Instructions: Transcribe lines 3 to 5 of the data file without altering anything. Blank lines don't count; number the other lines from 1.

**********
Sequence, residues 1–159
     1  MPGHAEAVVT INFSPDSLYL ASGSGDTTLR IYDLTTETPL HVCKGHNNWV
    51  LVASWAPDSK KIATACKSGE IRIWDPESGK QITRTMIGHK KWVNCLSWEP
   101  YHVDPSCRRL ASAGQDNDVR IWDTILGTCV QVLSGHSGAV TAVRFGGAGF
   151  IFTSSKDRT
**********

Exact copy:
    51  LVASWAPDSK KIATACKSGE IRIWDPESGK QITRTMIGHK KWVNCLSWEP
   101  YHVDPSCRRL ASAGQDNDVR IWDTILGTCV QVLSGHSGAV TAVRFGGAGF
   151  IFTSSKDRT